Digest>Archives> July 2008

Collecting Nautical Antiques

Lighthouse Brassware

By Jim Claflin


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An area of considerable interest continues to be U.S. Lighthouse Service brassware. A good variety of items were produced over the years by the General Light-House Depot at Staten Island. In addition to lamps and burners, brassware included oil measures in five marked sizes from one

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gill (1/4 pint) up to three quart. The three quart measure was made in both graduated and non graduated versions. These pieces were used to accurately measure the oil dispensed each day for use in the lighthouse lamp as well as in the other lamps in use around the light station. It was absolutely essential that the keeper maintain an accurate record of oil used in the lighthouse and for his personal use as the amounts were tallied quarterly and subtracted from the total on hand at the beginning of the quarter. The difference must match the balance remaining in the oil house or the keeper could be reprimanded or even dismissed. Every gill of oil had to be accounted for.

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Lovely brass lamp filling cans (looking like a teapot with a long slender spout) were filled using the measures with the aid of a brass funnel and were used to transfer the oil into the lighthouse lamps. All filling was done on a brass drip pan with tray, designed to catch any oil spilled for re-use. Of course, after use these cans would be wiped dry and periodically polished as required.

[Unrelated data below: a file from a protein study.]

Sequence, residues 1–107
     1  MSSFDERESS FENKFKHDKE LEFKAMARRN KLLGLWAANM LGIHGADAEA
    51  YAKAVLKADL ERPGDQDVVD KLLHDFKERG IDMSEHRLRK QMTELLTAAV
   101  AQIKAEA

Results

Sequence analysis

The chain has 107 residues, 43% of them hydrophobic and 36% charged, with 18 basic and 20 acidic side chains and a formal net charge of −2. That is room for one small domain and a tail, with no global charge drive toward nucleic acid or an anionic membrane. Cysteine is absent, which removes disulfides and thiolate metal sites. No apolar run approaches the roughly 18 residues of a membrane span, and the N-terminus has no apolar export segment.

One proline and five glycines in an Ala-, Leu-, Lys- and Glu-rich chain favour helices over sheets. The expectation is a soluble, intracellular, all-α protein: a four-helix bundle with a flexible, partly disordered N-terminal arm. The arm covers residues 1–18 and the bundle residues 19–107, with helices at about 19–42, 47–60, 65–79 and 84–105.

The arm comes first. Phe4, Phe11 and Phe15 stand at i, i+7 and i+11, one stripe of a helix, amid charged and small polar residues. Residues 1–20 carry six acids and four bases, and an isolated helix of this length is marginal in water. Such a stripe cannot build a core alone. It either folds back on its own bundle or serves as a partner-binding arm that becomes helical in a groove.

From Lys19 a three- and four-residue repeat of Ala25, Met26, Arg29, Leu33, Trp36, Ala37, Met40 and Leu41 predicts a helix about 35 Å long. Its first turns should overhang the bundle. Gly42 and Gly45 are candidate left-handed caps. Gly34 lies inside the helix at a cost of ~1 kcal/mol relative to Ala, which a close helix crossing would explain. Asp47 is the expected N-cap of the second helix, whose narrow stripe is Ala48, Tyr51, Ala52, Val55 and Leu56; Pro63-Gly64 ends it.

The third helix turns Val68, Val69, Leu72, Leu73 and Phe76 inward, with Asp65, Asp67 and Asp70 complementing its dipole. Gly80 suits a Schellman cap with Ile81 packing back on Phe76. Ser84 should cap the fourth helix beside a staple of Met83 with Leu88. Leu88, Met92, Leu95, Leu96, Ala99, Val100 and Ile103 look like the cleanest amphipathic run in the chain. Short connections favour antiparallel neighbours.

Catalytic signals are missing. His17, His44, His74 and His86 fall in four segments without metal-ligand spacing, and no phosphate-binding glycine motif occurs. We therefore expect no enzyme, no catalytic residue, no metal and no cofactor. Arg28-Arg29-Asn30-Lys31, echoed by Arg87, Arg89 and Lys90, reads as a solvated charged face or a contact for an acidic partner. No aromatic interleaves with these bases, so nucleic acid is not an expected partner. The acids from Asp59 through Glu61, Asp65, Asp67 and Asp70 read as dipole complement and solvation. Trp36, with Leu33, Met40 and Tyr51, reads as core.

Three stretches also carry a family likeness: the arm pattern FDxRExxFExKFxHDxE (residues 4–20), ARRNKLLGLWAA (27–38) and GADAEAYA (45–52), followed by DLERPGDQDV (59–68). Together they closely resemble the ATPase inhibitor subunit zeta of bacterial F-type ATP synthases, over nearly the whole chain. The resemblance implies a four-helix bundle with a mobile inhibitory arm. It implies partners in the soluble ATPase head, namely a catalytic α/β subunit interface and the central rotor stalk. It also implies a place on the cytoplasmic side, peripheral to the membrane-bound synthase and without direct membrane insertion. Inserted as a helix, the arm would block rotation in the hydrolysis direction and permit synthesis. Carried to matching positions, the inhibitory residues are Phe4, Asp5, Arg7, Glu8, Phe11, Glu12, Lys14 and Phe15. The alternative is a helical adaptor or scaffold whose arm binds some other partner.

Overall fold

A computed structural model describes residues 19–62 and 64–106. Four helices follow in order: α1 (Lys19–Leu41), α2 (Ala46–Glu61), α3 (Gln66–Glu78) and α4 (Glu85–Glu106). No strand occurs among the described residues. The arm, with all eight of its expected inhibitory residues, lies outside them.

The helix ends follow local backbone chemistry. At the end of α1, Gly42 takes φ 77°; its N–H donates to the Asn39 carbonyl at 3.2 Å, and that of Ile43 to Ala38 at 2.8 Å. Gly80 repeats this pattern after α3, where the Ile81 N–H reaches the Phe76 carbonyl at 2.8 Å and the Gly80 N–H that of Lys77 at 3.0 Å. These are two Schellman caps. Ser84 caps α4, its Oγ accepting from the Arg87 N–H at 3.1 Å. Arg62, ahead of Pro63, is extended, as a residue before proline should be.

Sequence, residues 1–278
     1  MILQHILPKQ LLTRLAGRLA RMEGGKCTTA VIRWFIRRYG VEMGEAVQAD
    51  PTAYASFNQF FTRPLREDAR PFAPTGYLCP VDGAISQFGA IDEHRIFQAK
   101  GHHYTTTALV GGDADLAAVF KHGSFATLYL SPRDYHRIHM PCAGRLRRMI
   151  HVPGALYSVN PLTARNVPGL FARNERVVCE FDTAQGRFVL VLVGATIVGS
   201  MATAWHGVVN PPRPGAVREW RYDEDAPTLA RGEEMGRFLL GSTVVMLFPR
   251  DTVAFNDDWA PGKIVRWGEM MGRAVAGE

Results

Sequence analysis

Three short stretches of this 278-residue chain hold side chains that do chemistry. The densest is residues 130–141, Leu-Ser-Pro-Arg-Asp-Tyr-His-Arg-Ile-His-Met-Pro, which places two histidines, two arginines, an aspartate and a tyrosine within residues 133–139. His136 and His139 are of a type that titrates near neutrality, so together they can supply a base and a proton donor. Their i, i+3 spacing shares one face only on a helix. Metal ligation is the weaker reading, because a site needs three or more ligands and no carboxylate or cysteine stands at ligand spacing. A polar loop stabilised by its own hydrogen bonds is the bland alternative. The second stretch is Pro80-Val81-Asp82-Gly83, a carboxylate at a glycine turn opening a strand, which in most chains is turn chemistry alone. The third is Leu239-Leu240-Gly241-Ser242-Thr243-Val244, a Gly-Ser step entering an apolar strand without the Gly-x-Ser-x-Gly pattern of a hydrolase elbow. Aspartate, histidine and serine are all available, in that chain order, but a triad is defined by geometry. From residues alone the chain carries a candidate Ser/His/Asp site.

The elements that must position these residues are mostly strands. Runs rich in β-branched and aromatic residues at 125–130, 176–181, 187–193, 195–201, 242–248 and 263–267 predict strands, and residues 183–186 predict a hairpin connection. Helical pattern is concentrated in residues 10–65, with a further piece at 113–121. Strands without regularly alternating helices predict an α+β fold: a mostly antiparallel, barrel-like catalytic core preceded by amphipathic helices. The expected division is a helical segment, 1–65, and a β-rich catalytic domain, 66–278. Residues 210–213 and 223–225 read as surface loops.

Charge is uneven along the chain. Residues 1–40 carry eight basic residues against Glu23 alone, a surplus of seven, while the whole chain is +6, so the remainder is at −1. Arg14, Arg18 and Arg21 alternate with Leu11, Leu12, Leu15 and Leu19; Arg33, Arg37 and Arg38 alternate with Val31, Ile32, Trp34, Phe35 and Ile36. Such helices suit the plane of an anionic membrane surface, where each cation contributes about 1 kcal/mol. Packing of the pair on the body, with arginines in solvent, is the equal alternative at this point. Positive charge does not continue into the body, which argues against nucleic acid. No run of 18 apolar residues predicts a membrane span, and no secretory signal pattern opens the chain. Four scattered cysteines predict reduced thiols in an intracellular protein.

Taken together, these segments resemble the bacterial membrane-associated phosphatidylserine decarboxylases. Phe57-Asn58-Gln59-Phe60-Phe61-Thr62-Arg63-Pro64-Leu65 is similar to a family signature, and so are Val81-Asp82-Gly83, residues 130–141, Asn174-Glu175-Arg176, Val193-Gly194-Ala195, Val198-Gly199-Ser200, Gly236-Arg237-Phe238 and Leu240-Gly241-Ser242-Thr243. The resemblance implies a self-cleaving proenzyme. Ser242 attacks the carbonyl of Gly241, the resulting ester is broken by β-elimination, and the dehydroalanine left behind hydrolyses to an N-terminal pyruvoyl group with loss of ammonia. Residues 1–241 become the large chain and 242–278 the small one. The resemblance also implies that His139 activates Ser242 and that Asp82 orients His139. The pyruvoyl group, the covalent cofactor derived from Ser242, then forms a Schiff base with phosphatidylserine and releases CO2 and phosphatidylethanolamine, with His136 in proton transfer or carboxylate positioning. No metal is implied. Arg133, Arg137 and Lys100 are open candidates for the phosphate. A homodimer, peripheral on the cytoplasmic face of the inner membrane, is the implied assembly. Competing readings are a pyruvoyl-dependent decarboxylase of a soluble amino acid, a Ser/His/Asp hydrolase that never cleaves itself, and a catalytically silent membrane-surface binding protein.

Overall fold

During the early days oil was often stored in the lighthouse. This ready fuel source often combined with the ignition source in the lantern with disastrous results. In the 1870's the Light House Establishment began an extensive program to equip every light station with an oil house separate from the light tower. These structures were generally built from

the same plans and built of brick, with a slate roof and trimmed in wood painted maroon (The Lighthouse Service trim color was maroon — the green that you see

so often today is the later Coast Guard trim color.) A few oil houses were unusual in that they were built of stone, iron plate

or concrete.

The oil was delivered and stored in the oil house in wooden casks called "butts". These were typical oak casks bearing an engraved brass tag identifying each as property of the U.S. Light House Establishment.

The 1902 Instructions to Light-Keepers stated: "All mineral oil belonging to the Light House Service shall be kept in an oil house or a room by itself. The oil house shall be visited daily to detect loss by leakage or otherwise, and every precaution taken for the safe keeping of the oil."

To bring the oil into the lighthouse from the oil house, larger covered brass cans were used including 3, 4 and 5 gallon sizes, each with a built in funnel on the top and a large pouring spout. For local storage outside the oil house the keeper might be provided with five gallon bulk storage cans. These were equipped with a slender pouring spout on the top and an operable vent. Some of these cans were equipped with a quarter-turn spigot on the side as well to facilitate filling oil measures directly.